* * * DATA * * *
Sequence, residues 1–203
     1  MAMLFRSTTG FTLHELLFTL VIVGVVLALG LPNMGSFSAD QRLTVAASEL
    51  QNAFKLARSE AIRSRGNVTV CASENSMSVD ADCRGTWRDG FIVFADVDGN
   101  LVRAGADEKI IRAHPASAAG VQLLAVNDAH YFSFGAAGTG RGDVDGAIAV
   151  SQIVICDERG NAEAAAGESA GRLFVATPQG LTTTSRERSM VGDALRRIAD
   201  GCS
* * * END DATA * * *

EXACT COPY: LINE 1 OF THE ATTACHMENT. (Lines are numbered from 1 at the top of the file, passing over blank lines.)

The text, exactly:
Sequence, residues 1–203